Alberta’s New Occupational Health and Safety Act Takes Effect
Significant changes to Alberta’s occupational health and safety (“OHS”) regime took effect on December 1, 2021.
On November 5, 2020, the Alberta Government introduced Bill 47, the Ensuring Safety and Cutting Red Tape Act, 2020 (“Bill 47”), which set out to repeal the previous version of the Occupational Health and Safety Act (“FormerOHS Act”) and replace it with an updated version (“New OHS Act”). The New OHS Act is now in effect as of December 1, 2021 and is accompanied by revised regulations.
The changes brought by Bill 47 affect areas such as health and safety committees and programs, contractors, injury reporting, disciplinary action complaints, and dangerous work refusals. The following discussion highlights some of the notable changes.
Health and Safety Committees
The New OHS Act substantially alters the joint health and safety committee (“JHSC”) and health and safety representative (“HSR”) regime. Particularly, the New OHS Act attempts to simplify the JHSC and HSR requirements, including a simplified method for calculating the number of workers for the purposes of determining whether a JHSC or HSR is required, fewer mandatory JHSC and HSR duties, and more flexible training requirements.
Health Safety Programs
The New OHS Act removes all mandatory requirements for health and safety programs. While employers with 20 or more regularly employed workers are still required to have a written health and safety program, such programs are now generally defined as a “co‑ordinated system of procedures, processes and other measures that is designed to be implemented by organizations in order to promote continuous improvement in occupational health and safety”. This change provides employers with more flexibility to develop programs appropriate for their workplace.
JHSCs and HSRs are no longer required on multi-employer work sites with a prime contractor. Rather, the prime contractor must establish a system, as well as designate an individual, to ensure compliance with applicable OHS laws and cooperation between the employers and workers on health and safety issues.
The New OHS Act defines self-employed persons as employers and imposes the obligations of employers onto self-employed persons, with necessary modifications.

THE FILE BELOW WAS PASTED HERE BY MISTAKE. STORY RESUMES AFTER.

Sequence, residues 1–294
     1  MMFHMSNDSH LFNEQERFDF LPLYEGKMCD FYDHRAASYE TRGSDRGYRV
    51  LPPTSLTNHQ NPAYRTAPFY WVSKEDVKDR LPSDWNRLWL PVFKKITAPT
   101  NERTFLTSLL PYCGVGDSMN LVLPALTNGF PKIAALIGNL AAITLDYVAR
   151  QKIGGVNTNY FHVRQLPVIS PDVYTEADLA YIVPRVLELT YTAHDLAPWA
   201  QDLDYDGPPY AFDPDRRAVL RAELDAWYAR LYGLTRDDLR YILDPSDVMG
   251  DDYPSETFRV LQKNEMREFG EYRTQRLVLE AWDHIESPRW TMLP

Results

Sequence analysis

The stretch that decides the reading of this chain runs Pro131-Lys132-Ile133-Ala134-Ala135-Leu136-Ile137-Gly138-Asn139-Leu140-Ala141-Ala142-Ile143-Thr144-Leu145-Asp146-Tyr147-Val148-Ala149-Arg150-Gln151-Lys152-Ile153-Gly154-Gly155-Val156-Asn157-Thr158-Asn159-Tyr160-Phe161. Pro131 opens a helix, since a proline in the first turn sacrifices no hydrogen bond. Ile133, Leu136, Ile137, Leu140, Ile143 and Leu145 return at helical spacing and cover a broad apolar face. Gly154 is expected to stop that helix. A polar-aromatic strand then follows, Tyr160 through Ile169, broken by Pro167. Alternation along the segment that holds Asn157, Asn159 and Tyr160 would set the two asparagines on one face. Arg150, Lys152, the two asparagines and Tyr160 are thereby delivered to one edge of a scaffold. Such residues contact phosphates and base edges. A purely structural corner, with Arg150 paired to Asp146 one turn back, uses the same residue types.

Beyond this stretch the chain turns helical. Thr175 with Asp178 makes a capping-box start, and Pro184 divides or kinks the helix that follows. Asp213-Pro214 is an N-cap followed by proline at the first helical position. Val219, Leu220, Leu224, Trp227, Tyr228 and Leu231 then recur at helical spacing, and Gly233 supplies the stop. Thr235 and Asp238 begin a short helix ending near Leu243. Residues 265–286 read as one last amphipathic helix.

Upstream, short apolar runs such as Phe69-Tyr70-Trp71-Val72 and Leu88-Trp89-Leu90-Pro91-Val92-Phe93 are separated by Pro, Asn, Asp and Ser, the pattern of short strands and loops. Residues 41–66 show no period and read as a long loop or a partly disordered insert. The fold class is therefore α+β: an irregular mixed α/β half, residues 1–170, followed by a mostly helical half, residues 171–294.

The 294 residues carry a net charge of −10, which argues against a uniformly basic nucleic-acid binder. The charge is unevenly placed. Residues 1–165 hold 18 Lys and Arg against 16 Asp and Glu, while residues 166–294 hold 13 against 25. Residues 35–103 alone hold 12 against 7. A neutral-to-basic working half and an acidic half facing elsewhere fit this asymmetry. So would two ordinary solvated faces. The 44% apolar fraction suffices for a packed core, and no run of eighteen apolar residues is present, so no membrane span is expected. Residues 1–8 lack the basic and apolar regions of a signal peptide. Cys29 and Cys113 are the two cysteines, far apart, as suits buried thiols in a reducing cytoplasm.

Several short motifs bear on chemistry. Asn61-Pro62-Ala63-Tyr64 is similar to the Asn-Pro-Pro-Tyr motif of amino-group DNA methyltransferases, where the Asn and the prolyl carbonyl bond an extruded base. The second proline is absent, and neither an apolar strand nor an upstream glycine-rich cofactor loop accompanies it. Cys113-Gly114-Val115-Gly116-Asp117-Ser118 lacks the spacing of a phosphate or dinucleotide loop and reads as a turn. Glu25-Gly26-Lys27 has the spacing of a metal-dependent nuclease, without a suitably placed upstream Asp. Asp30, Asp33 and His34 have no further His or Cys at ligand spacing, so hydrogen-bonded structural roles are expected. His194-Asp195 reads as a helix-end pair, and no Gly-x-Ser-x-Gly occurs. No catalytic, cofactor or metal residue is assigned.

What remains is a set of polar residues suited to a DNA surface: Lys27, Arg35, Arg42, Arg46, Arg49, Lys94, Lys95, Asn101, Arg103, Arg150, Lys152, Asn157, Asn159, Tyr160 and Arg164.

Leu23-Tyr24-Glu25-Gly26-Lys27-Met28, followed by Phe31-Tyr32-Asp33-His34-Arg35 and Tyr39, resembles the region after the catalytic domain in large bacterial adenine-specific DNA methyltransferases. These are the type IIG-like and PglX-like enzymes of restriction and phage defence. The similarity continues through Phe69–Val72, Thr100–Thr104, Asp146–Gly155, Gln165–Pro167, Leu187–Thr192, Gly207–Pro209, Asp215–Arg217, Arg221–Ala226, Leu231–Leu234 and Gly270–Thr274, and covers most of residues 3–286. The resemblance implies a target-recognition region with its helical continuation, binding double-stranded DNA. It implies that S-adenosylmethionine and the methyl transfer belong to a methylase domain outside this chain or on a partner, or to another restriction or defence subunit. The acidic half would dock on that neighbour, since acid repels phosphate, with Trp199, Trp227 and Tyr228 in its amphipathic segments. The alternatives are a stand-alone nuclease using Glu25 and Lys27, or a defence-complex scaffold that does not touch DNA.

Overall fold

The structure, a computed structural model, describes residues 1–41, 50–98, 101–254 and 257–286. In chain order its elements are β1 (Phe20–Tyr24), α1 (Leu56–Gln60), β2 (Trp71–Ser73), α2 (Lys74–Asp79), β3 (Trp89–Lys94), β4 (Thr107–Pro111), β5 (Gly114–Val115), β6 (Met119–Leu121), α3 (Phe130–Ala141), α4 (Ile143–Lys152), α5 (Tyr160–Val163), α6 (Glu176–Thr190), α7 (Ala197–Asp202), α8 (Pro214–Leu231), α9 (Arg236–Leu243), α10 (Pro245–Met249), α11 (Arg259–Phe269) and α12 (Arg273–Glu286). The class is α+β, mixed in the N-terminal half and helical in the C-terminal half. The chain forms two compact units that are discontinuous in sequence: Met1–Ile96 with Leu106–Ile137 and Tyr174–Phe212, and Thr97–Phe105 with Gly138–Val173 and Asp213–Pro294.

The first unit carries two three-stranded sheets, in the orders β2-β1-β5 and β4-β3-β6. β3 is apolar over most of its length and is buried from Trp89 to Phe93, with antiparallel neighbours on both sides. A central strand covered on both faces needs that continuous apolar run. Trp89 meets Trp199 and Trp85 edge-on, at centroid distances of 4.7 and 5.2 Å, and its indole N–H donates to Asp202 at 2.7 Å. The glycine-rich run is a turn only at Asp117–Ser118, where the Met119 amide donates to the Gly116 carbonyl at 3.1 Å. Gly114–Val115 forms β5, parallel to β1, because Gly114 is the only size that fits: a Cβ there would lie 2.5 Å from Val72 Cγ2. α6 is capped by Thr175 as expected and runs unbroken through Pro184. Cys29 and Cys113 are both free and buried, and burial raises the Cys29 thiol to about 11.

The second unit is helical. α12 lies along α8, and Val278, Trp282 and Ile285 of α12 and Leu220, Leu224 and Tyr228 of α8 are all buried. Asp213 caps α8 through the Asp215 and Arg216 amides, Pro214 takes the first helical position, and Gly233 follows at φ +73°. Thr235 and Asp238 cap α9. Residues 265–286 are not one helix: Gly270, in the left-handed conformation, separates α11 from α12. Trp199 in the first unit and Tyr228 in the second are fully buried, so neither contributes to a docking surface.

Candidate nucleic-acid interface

Dangerous Work Refusal
The New OHS Act simplifies the profess for dealing with dangerous work refusals. Under the Former OHS Act, a worker could refuse work where the worker believed on reasonable grounds that there was a dangerous condition at the work site or that the work constituted a danger to the worker’s health and safety or to the health and safety of another worker or another person. The term “dangerous condition” was not defined by the Former OHS Act.
The New OHS Act sets out that a worker can only refuse potentially unsafe work where the worker believes on reasonable grounds that there is an undue hazard at the work site or that the work constitutes an undue hazard to the worker’s health and safety or to the health and safety of another person. The New OHS Act further clarifies this right by defining an “undue hazard” as a hazard that poses a serious and immediate threat to the health and safety of a person.
The New OHS Act imposes reporting requirements for illness and exposure to radiation which exceeds the maximum limits set out in the Occupational Health and Safety Code. The New OHS Act also includes a minor change in what constitutes hospital admittance requiring reporting. The New OHS Act requires reporting where there has been an injury, illness, or incident in which there is reason to believe that a worker has been or will be admitted to a hospital, beyond treatment in an emergency room or urgent care facility. This differs from the Former OHS Act where a report had to be filed where the worker was admitted to hospital as an inpatient pursuant to admitting orders from a physician.
The New OHS Act no longer requires the immediate reporting of a potential serious injury or incident (PSI). The New OHS Act instead only requires that an investigation be undertaken where an incident occurs that: (1) had a likelihood of causing a serious injury or illness, and (2) there is reasonable cause to believe that corrective action may need to be taken to prevent recurrence, which narrows an employer’s investigation requirement as previously any injury or any other incident that had the potential of causing serious injury constituted a PSI. A report must be submitted to OHS once the investigation is completed and provided to the JHSC or HSR, if there is one, or made available to workers.
Disciplinary Action Complaints
The New OHS Act renames “discriminatory action complaints” to “disciplinary action complaints” to avoid confusion with human rights law. With respect to such complaints, the New OHS Act imposes a 180-day time limit from the date of the alleged disciplinary action to file a complaint. The New OHS Act also provides OHS officers with the authority to refuse to investigate a complaint where the officer is of the opinion that the complaint is without merit, or is frivolous, trivial, vexatious, filed with improper motives, or otherwise an abuse of process.
Further details and guidance regarding the legislative changes are available on the Government of Alberta website. Employers should carefully consider their policies and practices and assess whether any changes to their workplace are necessary to ensure compliance with the New OHS Act and the applicable regulations.
If you have any questions about the New OHS Act or require advice in dealing with OHS, please contact any member of our Labour & Employment Team.